After hours: Luai Bahder

Arabian Computer News delves below the corporate strategy to understand what really makes the region’s IT leaders tick.

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After hours: Luai Bahder
By Staff Writer Published  April 16, 2013

Arabian Computer News delves below the corporate strategy to understand what really makes the region’s IT leaders tick.

Luai Bahder, technical director, Smartworld

Getting personal

Nationality: Jordanian
Number of years in the industry: 16 professional years in Dubai
Favourite food: Grilled fish
Holiday destination: Irbid
Music: Arabic Oud
Dream car: Mercedes-Benz-Ener-G-Force
Gadget: iPhone
Movie/book: Die Hard series
Piece of advice: He who works smarter, achieves faster

How did you end up where you are now?

Earlier on, when I was starting to map out my career, I created a vision and set of objectives for me to follow. I accompanied this with a strategy and plan that I followed through hard work and perseverance. These are the factors that have helped placing me into where I am right now in my career.

What is your management philosophy?

My management philosophy is very simple yet I have found to be highly effective. My philosophy has always been to put strong focus and attention to both leadership and friendship. Also, it pays to be tough and strict during crunch-time situations.

What was your first computer and when did you first use it?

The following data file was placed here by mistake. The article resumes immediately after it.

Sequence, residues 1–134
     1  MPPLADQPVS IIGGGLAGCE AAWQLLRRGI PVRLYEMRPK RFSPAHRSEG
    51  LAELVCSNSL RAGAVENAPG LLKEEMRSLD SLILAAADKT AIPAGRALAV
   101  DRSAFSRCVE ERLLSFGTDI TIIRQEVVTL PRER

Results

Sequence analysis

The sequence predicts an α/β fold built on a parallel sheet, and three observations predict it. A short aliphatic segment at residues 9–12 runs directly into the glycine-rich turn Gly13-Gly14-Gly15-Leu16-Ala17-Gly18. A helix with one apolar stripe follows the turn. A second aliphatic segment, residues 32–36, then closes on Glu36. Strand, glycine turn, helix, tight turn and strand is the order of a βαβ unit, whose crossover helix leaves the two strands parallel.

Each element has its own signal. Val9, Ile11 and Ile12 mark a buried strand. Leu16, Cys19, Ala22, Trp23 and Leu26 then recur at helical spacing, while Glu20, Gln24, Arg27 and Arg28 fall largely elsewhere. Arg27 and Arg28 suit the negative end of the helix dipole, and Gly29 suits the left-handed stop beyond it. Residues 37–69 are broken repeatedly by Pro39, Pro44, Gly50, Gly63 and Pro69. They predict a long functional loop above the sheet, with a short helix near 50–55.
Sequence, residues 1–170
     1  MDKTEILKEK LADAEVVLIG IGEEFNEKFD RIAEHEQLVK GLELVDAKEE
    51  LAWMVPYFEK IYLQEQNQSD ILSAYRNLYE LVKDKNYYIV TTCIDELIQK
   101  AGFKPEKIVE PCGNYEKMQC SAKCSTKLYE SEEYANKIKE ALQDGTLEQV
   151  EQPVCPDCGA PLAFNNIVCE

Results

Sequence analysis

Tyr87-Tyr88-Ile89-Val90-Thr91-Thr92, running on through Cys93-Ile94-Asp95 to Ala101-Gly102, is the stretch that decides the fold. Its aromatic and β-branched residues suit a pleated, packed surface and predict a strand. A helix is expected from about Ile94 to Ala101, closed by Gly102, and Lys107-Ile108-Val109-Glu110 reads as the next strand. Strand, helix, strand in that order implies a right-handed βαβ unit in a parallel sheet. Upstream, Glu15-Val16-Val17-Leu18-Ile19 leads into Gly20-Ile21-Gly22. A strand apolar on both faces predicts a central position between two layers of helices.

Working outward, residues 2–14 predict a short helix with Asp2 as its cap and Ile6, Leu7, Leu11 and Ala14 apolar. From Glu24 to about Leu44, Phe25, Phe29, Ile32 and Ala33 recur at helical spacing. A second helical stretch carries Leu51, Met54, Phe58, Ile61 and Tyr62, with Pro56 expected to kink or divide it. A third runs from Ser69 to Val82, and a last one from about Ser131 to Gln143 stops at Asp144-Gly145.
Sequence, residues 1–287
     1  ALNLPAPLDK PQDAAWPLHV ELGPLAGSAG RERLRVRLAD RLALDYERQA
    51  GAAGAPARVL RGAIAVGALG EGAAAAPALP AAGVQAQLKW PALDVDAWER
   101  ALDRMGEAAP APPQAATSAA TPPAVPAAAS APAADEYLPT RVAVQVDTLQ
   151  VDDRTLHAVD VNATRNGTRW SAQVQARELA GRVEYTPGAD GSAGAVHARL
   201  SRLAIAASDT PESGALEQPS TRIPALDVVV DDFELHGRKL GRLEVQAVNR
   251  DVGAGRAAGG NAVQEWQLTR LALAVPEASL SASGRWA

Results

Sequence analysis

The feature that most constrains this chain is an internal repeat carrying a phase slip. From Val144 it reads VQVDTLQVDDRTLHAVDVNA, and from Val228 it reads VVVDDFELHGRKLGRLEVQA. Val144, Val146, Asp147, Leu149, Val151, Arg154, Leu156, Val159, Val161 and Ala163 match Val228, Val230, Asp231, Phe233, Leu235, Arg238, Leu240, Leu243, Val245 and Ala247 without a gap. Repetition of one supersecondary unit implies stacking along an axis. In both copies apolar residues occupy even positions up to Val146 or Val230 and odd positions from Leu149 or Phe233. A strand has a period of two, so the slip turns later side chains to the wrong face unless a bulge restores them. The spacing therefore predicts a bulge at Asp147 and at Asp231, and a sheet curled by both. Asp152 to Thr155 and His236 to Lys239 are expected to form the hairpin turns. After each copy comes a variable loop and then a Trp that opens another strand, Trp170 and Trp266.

The first computer that I ever owned was an IBM 286, which was back then groundbreaking because of its introduction of a 6MHz Intel 80286 processor. It was faster than the ATs of that time due to its zero wait state RAM, which could move data more quickly. I used that computer for DOS and BASIC programming back in 1986.

What is your greatest achievement?

I am lucky to have earned key experiences and achievements in the ICT industry over the last fifteen years. I am fortunate and privileged to have been part of teams across implementations and initiatives in a range of areas such as security, data centres, services and infrastructure, and in sectors including aviation, smart cities, telecommunications and enterprise. One of my commitments and vision is to play a major role in the development of Dubai’s ICT segment. To date, I have been a part of some of the emirate’s top IT projects, which includes Dubai Internet City, Dubai e-Government, Dubai Municipality, Emirates Group, Dubai Airports, Dubai World Central (DWC), Al Maktoum International Airport , Dubai TV, Emirates Integrated Telecommunications Company (du), Dubai Holding and Dubai International Financial Centre (DIFC).

What is your biggest mistake?

I believe that its better to refer to these instances as lessons learned and not call them mistakes. Working in a segment that is both founded on technology and innovation, it is highly recommendable that we aim to learn and relish every experience.

What is your fondest memory of working in the Middle East IT industry?

Working on Al Maktoum International Airport, Jebel Ali Project, which involved transferring our service provider experience onto a larger enterprise complex project, while also building virtualized IT infrastructure for the airport systems. During the completion of the project, we could not help but feel proud of the work we had done to bring the latest technologies and ushered Dubai into the forefront of IT.

What technology do you think will have the biggest impact on the market in 2013?

I think that IT infrastructure automation has reached full maturity and today’s markets have demonstrated a key need for it.

What is the best way to deal with stress?

Stress always comes in as soon as work becomes too complicated. The best way to ward this off is to start things simple and easy — categorise, classify and set your priorities before entering or making major decisions.

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